• James Parry

Hudson Village Quilters create Night Comfort for Palliative Care


PHOTO BY JAMES PARRY

HVQ president, Marlise Horst, and stalwart member, Carol Outram, together with David May of May's Studio which has generously donated the publicity photography, in front of their charity quilt to be raffled off to raise funds for the Vaudreuil-Soulanges Palliative Care Residence this May.

Back in 1997, a small bevy of local sewing enthusiasts formed a group that quickly became known as the Hudson Village Quilters (HVQ). And today, this amazing group of women has steadily grown in size to a membership of over 70 exemplary artisans, second to none in the world of stitching.

Over the years, they have gained a reputation for their charity quilt projects, including those specifically created for the Vaudreuil-Soulanges Palliative Care Residence in Hudson where patients actually get to select the one that they would like on their bed.

In addition, since 1998, they have created one very special giant quilt that becomes the coveted prize at the group's biennial exhibition raffle, with the proceeds going in alternating years to NOVA and the Residence on Como Gardens. And this year, it is a real stunner.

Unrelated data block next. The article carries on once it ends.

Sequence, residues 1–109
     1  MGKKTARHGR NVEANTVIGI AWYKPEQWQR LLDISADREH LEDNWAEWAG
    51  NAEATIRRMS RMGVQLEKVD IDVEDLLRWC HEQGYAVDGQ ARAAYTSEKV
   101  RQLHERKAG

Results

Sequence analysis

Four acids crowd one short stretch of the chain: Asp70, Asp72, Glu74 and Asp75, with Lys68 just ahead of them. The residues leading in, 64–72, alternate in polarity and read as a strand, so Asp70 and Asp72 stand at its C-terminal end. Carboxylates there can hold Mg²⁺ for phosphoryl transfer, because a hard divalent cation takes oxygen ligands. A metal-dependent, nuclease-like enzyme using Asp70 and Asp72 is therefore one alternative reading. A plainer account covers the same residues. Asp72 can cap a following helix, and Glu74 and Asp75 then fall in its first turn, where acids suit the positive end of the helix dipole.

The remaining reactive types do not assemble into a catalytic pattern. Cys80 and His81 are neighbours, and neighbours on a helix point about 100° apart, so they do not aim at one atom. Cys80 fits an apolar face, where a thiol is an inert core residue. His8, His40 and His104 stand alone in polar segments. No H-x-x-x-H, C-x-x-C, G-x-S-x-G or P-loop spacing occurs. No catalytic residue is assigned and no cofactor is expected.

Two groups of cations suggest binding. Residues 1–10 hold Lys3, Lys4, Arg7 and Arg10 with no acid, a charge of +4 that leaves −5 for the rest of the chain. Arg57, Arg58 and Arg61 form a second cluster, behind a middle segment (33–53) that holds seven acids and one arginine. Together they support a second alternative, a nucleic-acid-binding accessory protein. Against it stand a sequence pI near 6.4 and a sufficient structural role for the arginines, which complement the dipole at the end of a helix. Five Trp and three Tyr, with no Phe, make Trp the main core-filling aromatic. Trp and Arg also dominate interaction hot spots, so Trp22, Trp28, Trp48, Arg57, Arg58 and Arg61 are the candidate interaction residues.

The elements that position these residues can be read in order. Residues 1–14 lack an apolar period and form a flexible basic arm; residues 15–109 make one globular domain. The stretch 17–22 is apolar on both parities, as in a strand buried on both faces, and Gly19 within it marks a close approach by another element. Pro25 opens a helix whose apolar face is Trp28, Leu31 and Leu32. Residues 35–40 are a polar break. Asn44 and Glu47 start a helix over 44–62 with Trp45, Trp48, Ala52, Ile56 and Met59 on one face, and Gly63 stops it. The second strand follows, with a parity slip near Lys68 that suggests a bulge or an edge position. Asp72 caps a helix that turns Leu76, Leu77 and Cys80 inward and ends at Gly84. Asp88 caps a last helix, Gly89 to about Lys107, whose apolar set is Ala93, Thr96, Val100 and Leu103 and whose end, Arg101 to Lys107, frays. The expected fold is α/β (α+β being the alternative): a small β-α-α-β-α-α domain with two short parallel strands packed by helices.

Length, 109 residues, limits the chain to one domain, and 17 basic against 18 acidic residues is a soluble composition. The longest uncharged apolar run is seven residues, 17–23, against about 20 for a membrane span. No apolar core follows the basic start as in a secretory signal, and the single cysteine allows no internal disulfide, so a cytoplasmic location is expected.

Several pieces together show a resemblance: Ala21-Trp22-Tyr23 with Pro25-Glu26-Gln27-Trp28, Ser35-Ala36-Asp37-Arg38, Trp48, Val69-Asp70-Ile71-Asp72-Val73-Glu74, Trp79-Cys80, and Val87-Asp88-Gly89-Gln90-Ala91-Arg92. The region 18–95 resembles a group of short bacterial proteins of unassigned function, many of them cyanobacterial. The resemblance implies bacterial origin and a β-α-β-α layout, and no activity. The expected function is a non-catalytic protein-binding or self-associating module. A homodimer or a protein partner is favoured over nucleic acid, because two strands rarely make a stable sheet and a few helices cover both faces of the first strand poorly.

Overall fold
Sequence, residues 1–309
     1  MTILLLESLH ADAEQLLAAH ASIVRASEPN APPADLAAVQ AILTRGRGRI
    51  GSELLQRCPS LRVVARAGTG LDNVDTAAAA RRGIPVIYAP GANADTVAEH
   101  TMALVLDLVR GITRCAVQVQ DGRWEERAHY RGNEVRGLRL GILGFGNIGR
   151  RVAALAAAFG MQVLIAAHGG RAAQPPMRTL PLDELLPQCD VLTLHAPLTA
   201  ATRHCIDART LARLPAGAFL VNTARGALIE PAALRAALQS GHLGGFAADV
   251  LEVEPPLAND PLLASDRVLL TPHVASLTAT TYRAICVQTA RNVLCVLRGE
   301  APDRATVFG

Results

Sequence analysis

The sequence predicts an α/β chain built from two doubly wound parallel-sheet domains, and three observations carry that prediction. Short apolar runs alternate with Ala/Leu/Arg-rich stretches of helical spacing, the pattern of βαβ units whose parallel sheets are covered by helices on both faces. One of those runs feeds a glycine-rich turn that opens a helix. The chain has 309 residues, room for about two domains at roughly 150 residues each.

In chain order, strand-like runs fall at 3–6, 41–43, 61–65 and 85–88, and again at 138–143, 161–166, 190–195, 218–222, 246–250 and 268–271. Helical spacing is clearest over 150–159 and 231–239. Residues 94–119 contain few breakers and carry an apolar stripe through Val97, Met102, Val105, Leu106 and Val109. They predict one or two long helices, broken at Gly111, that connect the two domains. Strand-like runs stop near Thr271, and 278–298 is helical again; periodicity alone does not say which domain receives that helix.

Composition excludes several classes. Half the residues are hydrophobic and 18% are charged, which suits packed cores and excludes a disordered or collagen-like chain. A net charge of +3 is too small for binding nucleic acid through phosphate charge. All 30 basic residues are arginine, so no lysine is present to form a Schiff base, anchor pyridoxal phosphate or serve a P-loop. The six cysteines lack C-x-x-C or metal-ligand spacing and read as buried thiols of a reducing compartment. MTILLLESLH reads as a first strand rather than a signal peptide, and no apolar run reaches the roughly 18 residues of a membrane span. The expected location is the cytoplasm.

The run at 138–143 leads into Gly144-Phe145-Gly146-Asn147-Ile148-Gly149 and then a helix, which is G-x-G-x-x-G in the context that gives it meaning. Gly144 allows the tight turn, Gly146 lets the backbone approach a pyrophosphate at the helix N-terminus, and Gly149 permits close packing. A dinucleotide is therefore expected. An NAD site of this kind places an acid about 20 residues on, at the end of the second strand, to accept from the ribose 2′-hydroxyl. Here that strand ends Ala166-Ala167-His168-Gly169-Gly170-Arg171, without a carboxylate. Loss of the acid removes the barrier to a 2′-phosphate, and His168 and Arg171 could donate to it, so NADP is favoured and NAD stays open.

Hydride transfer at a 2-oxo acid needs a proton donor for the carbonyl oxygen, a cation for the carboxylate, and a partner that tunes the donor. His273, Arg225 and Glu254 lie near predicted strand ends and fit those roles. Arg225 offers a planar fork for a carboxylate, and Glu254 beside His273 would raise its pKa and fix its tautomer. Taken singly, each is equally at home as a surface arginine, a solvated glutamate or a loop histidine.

Titled Night Comfort, started in October 2014 and completed 16 months later, it measures approximately 91 inches by 97 inches - a generous fit on a queen size bed - and is made up of over 1,500 individual patches of 100 per cent cotton. All pieced and quilted entirely by hand by virtually every HVQ member.

Explains Carol Outram, “Generous fabric contributions from our members made this quilt possible and contributed to the unique colour scheme. The design was inspired by British designer, Kaffe Fassett, and his quilt Diagonal Madness. However, ours departs from the original in both its size and colour choice while many of the old-fashioned-looking prints are based on historic Civil War era fabrics.”

Outram adds that it will be appraised prior to the group's exhibition on May 6-8 at the Stephen F. Shaar Community Centre in Hudson and is expected to be priced at around $4,000.

“Right now,” says Outram, “we are working on five other smaller quilts to be donated to the residence and work on our 2016 charity quilt will begin soon.”

The group meets every first and third Wednesday of the month from 9 a.m. to noon in the basement of Wyman Memorial United Church, 513 Main Road, in Hudson, September through June. Over coffee and the delights of home baking, they share information, skills, challenges and achievements with workshops, trunk shows and guest speakers also adding to the milieu.

Their mission statement, says Outram, includes the preservation of traditional patchwork and quilting skills, the exploration of the new, and the support of local charities. “Everyone is welcome to join us,” she adds. “And if you cannot sew, don’t worry. There are plenty of us to teach you.”

For more information on the Hudson Village Quilters and/or to obtain raffle tickets, email HudsonVillageQuilters@gmail.com or just drop by their meetings.

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